CHAPEL HILL – Last week, 150 higher education and business leaders converged on UNC-Chapel Hill for a conference on two favorite topics of the higher education establishment – access and affordability.
In a conference dubbed as “Politics of Inclusion: Higher Education at a Crossroads,” one thing was obvious – the event was highly scripted. Attendance at the conference was by invitation only and mostly included people who agreed with the premise of the conference, that the U.S. needs to improve access to college so as to include a wider cross-section of America’s youth. Rather than an examination of that view, it was essentially a pep rally for that view.
UNC-Chapel Hill Chancellor James Moeser delivered the keynote address to open the conference. Moeser’s speech sounded much like the stump speeches of former Senator John Edwards in that he said that there are “two North Carolinas” – one wealthy and well connected, the other poor and desperate – and how higher education can help to improve the lives of low-income families. To reach that goal, Moeser advocated an increase in need-based financial aid and said leaders must push an agenda of access and affordability to political leaders.
“To give credibility to our pulpits, we have to begin at home,” Moeser said. “This means allocating the necessary institutional resources. This means saying no to the diversion of need-based financial aid funds to merit-based scholarships just to beef up the rankings. It means convincing university governing boards, state legislators, donors and voters to have the will to broaden access to higher education. And it means molding public opinion to demand from Congress and the president a renewed national commitment to student aid, despite federal budget deficits.”
Chancellor Moeser did not mention the research showing that very few college-ready high school grads do not enroll in college due to financial difficulties.
Duke University economics professor Charles Clotfelter discussed tuition increases. He argued that current financial aid programs benefit few people, and contending that middle class and upper income families “reap much of the current total government subsidy.” That’s undeniably true. College is subsidized to a great extent and the beneficiaries are mostly people who could afford to pay much more of the cost.
Clotfelter continued, “If an agenda of increased access and inclusion is to be advanced, common sense suggests that this will require showing middle class voters and the legislators who represent them that they will benefit for such an agenda.”
Even when a “conservative” position was addressed, it was done so in a way to promote the “liberal” vision of higher education and the “American Dream.” This was evident in the presentation by Richard Kahlenberg of the Century Foundation. He argued that higher education is out of step with both the liberal and conservative views of the American Dream. The “liberal” view suggests that the country is a land of social mobility, while the “conservative” view argues that people succeed or fail on their own efforts. Kahlenberg finds higher education out of touch with both liberals and conservatives and advocates a policy of increasing financial aid targeted at students from poorer families.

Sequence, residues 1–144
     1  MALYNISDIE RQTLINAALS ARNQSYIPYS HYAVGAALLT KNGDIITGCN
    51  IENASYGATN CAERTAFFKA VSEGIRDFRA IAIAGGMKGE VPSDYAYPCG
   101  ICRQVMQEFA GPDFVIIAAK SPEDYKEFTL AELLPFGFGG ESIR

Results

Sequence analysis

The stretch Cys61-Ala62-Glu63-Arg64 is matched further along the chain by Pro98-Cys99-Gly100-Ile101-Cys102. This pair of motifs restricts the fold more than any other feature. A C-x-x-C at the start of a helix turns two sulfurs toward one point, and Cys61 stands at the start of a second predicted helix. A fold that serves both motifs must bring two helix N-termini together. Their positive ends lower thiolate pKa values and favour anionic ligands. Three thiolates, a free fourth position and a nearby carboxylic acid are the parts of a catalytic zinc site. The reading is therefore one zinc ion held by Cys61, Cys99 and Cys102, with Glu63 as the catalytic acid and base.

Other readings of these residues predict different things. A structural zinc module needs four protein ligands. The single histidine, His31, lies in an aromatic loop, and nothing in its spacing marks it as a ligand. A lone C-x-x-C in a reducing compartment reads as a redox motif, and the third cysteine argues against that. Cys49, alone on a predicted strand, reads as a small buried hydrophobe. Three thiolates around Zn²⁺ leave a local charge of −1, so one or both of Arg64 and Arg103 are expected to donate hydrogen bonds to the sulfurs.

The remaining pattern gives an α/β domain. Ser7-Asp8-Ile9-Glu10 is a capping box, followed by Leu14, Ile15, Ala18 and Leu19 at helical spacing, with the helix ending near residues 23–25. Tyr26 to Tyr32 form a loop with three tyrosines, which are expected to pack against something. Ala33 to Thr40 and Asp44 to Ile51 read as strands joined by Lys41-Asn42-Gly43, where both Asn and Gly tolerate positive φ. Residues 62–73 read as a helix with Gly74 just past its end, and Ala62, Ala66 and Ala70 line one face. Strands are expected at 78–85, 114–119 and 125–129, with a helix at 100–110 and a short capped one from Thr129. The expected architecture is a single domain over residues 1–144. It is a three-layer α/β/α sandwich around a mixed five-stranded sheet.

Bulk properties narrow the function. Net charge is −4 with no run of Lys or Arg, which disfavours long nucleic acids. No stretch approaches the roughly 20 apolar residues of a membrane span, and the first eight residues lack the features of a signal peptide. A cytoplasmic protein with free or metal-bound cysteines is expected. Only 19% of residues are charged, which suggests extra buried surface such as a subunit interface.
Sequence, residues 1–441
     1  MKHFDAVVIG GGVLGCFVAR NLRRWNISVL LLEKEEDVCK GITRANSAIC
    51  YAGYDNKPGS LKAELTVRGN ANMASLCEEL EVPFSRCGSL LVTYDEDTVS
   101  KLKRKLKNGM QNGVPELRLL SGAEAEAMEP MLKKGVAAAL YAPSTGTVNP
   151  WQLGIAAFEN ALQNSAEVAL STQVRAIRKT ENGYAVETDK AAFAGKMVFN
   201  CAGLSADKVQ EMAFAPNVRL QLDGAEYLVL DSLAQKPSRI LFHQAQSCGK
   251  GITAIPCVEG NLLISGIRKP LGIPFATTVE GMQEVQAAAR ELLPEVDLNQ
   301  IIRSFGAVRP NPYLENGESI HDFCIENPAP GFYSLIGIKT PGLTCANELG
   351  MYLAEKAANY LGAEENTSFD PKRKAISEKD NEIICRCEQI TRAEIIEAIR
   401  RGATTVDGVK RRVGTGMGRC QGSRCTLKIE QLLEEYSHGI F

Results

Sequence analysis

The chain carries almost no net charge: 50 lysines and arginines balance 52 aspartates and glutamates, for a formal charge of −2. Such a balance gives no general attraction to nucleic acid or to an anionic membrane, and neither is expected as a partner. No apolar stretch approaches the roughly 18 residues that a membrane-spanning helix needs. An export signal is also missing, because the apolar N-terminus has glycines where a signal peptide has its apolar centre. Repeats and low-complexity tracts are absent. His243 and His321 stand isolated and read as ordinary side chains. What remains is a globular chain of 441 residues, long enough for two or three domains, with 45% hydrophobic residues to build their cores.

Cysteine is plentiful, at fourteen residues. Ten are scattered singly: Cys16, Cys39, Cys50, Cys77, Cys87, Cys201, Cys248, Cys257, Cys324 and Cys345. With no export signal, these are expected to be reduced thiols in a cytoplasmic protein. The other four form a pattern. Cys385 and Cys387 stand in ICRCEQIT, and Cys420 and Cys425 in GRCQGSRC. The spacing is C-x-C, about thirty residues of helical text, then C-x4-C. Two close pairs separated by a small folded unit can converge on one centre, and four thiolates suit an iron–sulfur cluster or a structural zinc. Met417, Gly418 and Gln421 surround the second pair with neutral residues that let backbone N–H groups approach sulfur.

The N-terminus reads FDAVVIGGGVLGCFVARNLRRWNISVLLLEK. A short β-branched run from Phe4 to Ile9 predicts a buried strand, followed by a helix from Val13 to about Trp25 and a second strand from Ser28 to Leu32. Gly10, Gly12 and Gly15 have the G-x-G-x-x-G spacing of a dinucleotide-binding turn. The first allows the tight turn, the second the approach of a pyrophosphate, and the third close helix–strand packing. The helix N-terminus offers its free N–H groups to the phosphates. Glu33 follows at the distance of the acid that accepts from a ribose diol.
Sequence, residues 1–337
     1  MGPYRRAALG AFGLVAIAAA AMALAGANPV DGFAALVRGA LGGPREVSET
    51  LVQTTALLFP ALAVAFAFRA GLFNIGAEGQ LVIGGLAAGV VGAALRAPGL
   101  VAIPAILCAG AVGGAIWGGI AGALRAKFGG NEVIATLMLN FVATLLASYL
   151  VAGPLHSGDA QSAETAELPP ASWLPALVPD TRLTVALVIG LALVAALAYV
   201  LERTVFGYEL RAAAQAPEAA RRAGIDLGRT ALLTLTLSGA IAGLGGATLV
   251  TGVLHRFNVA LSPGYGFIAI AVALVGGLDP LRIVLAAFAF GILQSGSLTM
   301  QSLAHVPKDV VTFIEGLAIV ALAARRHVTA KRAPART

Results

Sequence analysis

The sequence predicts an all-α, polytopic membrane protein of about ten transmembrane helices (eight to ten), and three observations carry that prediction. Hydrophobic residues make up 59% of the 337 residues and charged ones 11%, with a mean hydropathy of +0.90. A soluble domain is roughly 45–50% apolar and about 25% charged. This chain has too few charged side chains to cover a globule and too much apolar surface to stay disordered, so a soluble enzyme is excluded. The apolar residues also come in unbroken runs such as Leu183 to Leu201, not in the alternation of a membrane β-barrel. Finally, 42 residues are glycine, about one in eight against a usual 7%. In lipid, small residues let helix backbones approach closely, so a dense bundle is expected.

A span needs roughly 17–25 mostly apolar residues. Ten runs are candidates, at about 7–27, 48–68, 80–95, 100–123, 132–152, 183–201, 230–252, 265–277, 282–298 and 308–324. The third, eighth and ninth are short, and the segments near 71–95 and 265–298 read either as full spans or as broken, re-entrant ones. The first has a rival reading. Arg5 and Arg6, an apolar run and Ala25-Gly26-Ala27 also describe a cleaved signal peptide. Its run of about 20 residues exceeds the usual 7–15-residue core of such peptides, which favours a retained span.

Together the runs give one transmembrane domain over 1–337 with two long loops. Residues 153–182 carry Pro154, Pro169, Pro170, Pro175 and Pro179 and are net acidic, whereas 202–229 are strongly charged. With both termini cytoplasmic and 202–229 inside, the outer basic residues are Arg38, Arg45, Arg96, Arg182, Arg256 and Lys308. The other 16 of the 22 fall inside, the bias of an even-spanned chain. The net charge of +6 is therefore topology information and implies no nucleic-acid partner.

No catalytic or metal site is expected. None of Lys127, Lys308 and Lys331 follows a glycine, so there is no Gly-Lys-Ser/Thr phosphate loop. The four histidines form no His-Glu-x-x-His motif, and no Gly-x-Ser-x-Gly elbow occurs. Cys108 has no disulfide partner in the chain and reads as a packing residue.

Others who spoke at the conference included former North Carolina governor Jim Hunt, who favored a policy of allowing children of illegal immigrants to benefit from the low in-state tuition rate, Martin Krislov, general counsel for the University of Michigan, who argued that affirmative action programs need to be maintained to provide “access to women and socio-economically disadvantaged students,” and Gene Nichol, formerly Dean of the UNC Law School and now president of William and Mary who lamented that most student financial aid goes to the wealthy rather than the poor.
The sole dissenting voice at the conference was that of Representative Virginia Foxx, who was asked to participate in a panel discussion on the role of the federal government in assisting poorer families to get their children into college. She surprised the assembly by stating that under the U.S. Constitution, the federal government has no role to play in education at all. Later she told the organizers of the conference that it would have been better to have been more inclusive themselves by inviting more people who don’t accept the establishment views on higher education.
How much credibility should we give to a conference that wants to talk about inclusion but does so behind closed doors to discuss one side of the argument?
Perhaps the organizers of this conference will host a second event in the coming months and will open the list of presenters to include those who may have different views on the future of higher education. As well, organizers should open the conference to the public at large and not just a select group of leaders who already support the positions and themes of the conference. The public should be allowed to attend, give their opinions, and discuss ideas that surround the future of higher education. They are, in fact, the ones who will ultimately pay for the higher education proposals sought by most of the conference’s speakers.
Truth is more likely to come out when ideas face critical analysis and open discussion than when they are sheltered like orchids in a greenhouse.
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